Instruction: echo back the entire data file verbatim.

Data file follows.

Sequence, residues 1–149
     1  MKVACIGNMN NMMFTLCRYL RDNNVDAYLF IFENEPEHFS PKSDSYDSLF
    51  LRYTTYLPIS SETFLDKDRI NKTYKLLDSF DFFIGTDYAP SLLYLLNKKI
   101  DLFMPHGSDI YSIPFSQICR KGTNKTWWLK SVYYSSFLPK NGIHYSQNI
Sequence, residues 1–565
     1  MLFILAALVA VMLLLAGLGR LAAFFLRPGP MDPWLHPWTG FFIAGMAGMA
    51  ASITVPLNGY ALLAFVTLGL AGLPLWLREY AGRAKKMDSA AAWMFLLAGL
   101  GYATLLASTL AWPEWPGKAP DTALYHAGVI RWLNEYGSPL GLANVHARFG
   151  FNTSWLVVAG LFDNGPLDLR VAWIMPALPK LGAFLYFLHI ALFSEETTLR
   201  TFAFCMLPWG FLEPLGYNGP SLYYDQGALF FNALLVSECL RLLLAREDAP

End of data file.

Sequence, residues 1–149
     1  MKVACIGNMN NMMFTLCRYL RDNNVDAYLF IFENEPEHFS PKSDSYDSLF
    51  LRYTTYLPIS SETFLDKDRI NKTYKLLDSF DFFIGTDYAP SLLYLLNKKI
   101  DLFMPHGSDI YSIPFSQICR KGTNKTWWLK SVYYSSFLPK NGIHYSQNI
Sequence, residues 1–565
     1  MLFILAALVA VMLLLAGLGR LAAFFLRPGP MDPWLHPWTG FFIAGMAGMA
    51  ASITVPLNGY ALLAFVTLGL AGLPLWLREY AGRAKKMDSA AAWMFLLAGL
   101  GYATLLASTL AWPEWPGKAP DTALYHAGVI RWLNEYGSPL GLANVHARFG
   151  FNTSWLVVAG LFDNGPLDLR VAWIMPALPK LGAFLYFLHI ALFSEETTLR
   201  TFAFCMLPWG FLEPLGYNGP SLYYDQGALF FNALLVSECL RLLLAREDAP